Building a new stadium in the state of California presents a variety of challenges, which might explain why three of the NFL's top-five oldest stadiums -- Candlestick Park, the Oakland Coliseum and Qualcomm Stadium -- are located in the Golden State. And it also might suggest why Angel Stadium in Anaheim is the second oldest park in the American League and Dodger Stadium remains the second oldest in the National League. Facts are facts: You don't typically see new stadiums erected out here. And primarily, that's because taxpayer money isn't directed toward stadiums and private financing isn't going to cover the bill, either. So for the most part, that's why there's a stall. The one percenters aren't exactly willing to fork over all of the cash, and the state's also in the hole -- the deficit jumped from $9 billion to $16 billion last month, according to Gov. Jerry Brown. Not to mention construction costs are higher than most states and so are property values, still. Building and renovating sports stadiums along the coast are pretty expensive, and as you can see, there isn't much money available to help cover those costs, anyway.
So there's that.
And the problem lies in this: Civic financial constraints place UCLA and USC, Los Angeles' premier college football programs, at a disadvantage in the Pac-12 arms race. Neither the Bruins nor Trojans are in need of a sparkling new stadium, granted. But the Rose Bowl and the Los Angeles Memorial Coliseum are each 89 years old, and renovations of some form are certainly in order. University officials will tell you that, so will state and city representatives, athletic administrators from either school, coaches, players, high school recruits and pretty much anyone else you decide to pick out of a crowd.
They're already playing catch up, too, particularly among Pac-12 programs. Arizona is amid a $378 million expansion project in the north end zone of Arizona Stadium, which will add 7,000 seats. California is nearing the end of renovations to Memorial Stadium, totaling an estimated $321 million. Utah is constructing a new $30 million football complex. And at Washington, there are $250 million in renovations to Husky Stadium. Arizona State also has a tentative plan to upgrade Sun Devil Stadium, adding even a canopy. In the last decade, Pac-12 teams have spent more than a billion dollars in stadium renovations.
But in the case of UCLA and USC, though, both projects -- with regards to their home stadiums -- are fledgling. Earlier this month, the Los Angeles Times, citing Pasadena city officials, reported that the Rose Bowl revitalization project is $35 million over budget and behind schedule -- by about a year. It likely won't be completed until late 2014, according to the Times, and the budget gap could further increase as well, City Manager Michael Beck said.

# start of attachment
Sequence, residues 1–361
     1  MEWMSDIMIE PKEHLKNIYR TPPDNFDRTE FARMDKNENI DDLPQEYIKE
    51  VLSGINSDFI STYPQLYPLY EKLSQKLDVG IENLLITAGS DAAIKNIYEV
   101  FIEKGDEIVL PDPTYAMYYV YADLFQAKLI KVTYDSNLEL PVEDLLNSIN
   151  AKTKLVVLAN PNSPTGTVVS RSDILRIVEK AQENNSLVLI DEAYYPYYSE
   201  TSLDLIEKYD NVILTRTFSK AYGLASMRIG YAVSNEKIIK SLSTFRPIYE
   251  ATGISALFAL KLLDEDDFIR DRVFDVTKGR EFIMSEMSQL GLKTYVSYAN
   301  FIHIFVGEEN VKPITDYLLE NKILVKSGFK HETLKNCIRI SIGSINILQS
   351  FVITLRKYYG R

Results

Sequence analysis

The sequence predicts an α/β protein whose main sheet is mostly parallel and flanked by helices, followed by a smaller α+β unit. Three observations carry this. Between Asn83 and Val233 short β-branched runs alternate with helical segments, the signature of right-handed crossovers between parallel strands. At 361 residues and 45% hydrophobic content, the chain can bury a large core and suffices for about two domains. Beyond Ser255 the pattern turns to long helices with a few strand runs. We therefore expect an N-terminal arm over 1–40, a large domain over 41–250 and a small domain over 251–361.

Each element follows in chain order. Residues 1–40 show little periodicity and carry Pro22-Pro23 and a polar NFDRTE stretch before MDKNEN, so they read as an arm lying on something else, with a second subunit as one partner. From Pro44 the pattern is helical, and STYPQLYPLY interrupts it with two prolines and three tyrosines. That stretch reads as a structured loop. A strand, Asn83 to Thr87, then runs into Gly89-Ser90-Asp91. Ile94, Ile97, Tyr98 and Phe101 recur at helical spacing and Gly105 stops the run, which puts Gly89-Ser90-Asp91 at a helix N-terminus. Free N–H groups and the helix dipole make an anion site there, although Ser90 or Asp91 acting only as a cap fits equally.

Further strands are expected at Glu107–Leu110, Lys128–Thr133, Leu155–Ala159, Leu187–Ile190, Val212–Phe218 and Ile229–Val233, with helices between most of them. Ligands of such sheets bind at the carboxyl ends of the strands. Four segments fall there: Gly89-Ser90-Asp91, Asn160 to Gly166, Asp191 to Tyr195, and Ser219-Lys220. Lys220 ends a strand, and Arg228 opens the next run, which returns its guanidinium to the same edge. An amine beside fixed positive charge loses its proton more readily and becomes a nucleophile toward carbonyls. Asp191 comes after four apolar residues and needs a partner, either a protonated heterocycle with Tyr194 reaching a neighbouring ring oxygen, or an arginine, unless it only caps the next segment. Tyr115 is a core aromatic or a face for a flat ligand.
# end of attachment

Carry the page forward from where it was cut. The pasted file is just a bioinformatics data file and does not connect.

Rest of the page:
As for the Coliseum, the Coliseum Commission, the stadium's nine-member governing body which is broke, recently relinquished operational control of the facility to USC through an 8-1 vote in mid-May. It had failed to make at least $50 million in various improvements that it was contractually obligated to provide under the existing lease agreement signed in 2008. Though, there are a few hurdles left before USC can do much in terms of renovations to the Coliseum, which is in near shambles. For one, the state has reportedly tried to block the approval of the master lease, which allows USC to manage the Coliseum.
Remember, neither school has total control of its situation. The city of Pasadena owns the Rose Bowl (sorry, Pete). And the Coliseum is jointly owned by the state, county and city of L.A. In order to do, well, anything it has to go through channels. And because the Rose Bowl and Coliseum are public venues, UCLA and USC aren't solely tasked with funding renovations. That falls at the feet of the state and the city.
To be clear: these renovations should happen eventually and I'd be surprised if otherwise. But it's a process that isn't moving with great haste and time isn't on the side of either program. Yes, USC's new John McKay Center is near completion, but that's a facility built for the entire athletic department and nearly half of it is oriented to academic services. The Coliseum is the Trojans' home stadium and the selling point for football recruits. On-campus facilities are wonderful, but stadium improvements are a necessity in 2012.
And the longer things take, the more Farmers Field beckons -- for both programs.
Follow Joey on Twitter @joeyrkaufman.